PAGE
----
top of page

Menstruation: Let's Talk About It!

*I didn't write this. I'm not a woman, and I didn't write this. But I do understand it and agree with it. My lady, Luciann "2Feathers" Berrios wrote it. After various conversations about this issue, and bearing witness to it throughout my life, I asked if she could write an article about it for me to publish on my website. She obliged. I thought it would be a great idea to publish it today to kick-off WOmen's History Month. Her article is below. Please read and share it with others you think should read it. *


"Companies are required to accommodate the diverse needs of employees in many ways. However the only need that seems to be missing from the list of those given consideration, is the only one that belongs to one biological gender. Menstruation. Let’s talk about it. 


Menstruation is habitually not something that is openly spoken about in society, especially when it comes to work life. This natural part of a woman’s physical life, is too routinely ignored, and is still considered too taboo to acknowledge and isn’t given the space it deserves in how it impacts one’s ability to show up in day to day activities.  Women who menstruate are required to ignore their own bodies and processes in the name of achievement, work and demands. We must remember that menstruation affects those who experience it on a physical, emotional and mental level, thus impacting workplace productivity. Companies will often respond to this issue by saying employees can use PTO days or work from home days (if available) to alleviate the impact on work life. However, I would argue, why should an employee have to use vacation days for something that is a biological physical need EVERY MONTH? For many employees that would mean they’d barely be able to take any respite, or vacation time, with or without loved ones, and would have less emergency time off if needed than their biologically male counterparts, and more. For so many women, taking leave with no pay is simply not something they can afford to do, especially with inflation and the increasing costs of everything.


In many ancient and indigenous practices, menstrual cycles were something to be respected and nurtured. It was sacred. And shouldn’t it still be so? It marks a transformational period in a woman’s life, no pun intended. In ancient Navajo tradition, women would rest in a sweat lodge to encourage purification and spiritual well-being. In the Maasai tribe, from East Africa, women traditionally stayed in a designated hut during their cycles in an effort to maintain balance. Hopi women could choose to partake in specific ceremonies during their cycles to honor its sacredness. In this day, we use the term self-care; wouldn’t that in a way be considered ritualistic? Only thing is, we would need the designated time to do so, when nature calls. This is said, not to promote further seclusion, but to acknowledge the need for rest, restorative practices and honoring of the womb space, physical body, emotional body, and mental focuses that are all simultaneously being activated during menstruation.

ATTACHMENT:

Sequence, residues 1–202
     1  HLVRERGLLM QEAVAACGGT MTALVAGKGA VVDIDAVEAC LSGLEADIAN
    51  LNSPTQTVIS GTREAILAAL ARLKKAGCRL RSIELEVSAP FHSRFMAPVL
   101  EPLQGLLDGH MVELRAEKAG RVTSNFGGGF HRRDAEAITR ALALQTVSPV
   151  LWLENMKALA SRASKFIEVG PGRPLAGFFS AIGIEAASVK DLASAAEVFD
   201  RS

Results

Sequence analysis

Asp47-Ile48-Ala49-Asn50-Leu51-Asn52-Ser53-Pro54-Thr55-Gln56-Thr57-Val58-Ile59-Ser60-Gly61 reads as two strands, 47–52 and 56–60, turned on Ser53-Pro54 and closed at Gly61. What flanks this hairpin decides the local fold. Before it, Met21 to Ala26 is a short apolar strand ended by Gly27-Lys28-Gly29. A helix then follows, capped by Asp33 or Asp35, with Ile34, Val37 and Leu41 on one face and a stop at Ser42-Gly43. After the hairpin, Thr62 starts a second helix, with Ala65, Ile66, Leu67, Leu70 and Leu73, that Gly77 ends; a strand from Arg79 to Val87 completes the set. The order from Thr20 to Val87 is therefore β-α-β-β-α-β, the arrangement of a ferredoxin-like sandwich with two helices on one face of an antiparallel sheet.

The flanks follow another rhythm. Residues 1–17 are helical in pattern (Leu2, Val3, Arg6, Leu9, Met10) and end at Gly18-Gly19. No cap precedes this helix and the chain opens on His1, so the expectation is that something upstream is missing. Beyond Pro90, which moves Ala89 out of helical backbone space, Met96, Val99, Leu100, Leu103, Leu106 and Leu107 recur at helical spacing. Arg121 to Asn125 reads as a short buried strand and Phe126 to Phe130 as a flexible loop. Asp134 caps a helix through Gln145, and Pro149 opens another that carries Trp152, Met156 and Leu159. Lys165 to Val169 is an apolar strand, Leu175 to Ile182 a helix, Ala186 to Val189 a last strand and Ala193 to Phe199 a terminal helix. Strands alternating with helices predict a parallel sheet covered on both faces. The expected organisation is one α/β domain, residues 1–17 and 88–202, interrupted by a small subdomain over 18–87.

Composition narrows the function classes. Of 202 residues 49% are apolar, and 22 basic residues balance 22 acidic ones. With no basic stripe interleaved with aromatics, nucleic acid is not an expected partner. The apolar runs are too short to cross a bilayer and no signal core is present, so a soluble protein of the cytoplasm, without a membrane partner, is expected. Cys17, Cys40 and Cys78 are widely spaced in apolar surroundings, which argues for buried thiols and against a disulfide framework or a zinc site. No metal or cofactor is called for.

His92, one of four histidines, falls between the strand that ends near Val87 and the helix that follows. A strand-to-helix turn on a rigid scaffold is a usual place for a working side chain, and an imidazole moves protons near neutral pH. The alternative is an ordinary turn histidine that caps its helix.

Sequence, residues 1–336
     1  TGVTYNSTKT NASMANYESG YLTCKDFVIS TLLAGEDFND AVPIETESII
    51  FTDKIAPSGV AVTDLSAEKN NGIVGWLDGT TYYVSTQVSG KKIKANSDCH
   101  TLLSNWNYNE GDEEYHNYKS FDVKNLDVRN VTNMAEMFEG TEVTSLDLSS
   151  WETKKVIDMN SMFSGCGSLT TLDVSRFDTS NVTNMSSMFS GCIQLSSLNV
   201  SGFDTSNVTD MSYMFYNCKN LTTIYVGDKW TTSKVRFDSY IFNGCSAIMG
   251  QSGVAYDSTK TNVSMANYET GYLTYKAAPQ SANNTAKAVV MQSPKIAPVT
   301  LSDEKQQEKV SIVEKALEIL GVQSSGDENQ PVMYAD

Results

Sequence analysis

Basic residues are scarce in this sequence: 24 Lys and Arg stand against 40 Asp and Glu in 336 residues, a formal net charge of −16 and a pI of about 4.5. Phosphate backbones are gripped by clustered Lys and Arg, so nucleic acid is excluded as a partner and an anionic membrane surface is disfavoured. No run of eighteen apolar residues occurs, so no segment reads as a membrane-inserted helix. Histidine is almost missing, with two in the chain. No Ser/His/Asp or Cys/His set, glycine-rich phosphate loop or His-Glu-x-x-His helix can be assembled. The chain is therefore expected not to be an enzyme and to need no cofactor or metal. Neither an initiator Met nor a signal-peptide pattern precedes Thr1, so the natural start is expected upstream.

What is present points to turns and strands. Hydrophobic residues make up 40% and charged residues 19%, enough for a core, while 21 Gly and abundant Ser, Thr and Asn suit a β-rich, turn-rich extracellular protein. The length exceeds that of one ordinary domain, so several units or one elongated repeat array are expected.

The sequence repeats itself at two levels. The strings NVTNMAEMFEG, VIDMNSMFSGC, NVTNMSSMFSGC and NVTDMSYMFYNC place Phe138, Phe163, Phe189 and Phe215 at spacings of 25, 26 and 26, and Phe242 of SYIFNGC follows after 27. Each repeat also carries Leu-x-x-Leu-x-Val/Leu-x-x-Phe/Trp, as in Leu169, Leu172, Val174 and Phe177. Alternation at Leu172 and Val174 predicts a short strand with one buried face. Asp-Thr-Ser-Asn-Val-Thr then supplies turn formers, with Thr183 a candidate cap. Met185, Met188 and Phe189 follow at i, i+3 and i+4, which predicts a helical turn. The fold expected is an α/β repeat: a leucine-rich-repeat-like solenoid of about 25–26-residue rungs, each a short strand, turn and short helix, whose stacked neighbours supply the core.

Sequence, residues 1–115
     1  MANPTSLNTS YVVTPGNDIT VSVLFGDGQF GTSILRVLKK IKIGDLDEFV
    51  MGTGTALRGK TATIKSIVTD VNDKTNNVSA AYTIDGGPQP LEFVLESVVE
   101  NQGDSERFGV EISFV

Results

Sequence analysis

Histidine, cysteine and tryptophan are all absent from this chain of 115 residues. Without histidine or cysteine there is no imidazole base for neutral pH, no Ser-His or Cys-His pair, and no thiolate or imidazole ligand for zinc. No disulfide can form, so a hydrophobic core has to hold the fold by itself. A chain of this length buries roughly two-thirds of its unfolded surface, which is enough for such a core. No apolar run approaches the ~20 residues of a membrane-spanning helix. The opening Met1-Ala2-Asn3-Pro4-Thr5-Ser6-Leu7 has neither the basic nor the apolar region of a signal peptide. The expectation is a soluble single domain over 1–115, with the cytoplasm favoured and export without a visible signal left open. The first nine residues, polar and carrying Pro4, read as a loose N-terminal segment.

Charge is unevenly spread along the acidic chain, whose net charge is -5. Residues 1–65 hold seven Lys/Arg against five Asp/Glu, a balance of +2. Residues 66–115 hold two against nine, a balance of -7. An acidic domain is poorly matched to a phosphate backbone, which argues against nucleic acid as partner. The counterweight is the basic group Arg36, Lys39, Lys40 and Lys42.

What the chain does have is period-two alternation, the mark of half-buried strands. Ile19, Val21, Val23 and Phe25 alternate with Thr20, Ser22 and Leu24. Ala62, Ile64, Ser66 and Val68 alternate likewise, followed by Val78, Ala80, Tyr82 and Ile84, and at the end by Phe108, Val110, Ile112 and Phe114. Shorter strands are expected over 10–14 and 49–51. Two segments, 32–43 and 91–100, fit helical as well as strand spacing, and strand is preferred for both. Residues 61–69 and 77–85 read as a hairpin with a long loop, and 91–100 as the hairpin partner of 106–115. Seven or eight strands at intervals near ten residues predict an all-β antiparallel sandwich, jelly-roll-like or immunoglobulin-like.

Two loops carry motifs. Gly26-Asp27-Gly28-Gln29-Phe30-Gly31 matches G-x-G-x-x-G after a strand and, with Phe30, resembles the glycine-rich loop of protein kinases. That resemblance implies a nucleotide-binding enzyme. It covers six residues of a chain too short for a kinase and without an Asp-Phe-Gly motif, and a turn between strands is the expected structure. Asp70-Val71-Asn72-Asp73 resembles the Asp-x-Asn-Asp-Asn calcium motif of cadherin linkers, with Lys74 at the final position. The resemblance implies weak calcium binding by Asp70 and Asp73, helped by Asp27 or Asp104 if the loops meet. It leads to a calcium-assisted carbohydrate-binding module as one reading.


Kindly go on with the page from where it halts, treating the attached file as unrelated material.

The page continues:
I myself have had a history of extremely difficult menstrual cycles since the age of 11. My physical symptoms included excruciating menstrual cramps, nausea, loss of appetite for days, headaches, extreme fatigue, limited concentration, heated body temperature, and pain so bad I would be bedridden for two days, barely able to stand up straight. I would have to call out of work for two days and receive no pay since I sometimes wouldn’t have the PTO to support it. At one point in my 20’s, doctors wanted to prescribe me muscle relaxers and pain killers; I do not take medication like that due to its impact on the rest of the body's organs. I say this to bring light to what the physical experience of a menstrual cycle can be like for many women. As I’ve gotten older, and learned more about natural herbal remedies for menstruation, I have been able to subdue some of these effects; however, we cannot ignore that it is a physical experience that affects women on multiple levels. We shouldn’t be forcing women to either take pain medications that have other health implications, or require them to adhere to holistic practices if that is not their way of life. The answer is truly, to treat this as a need of all women who experience menstruation and fertility issues/symptoms, including menopause.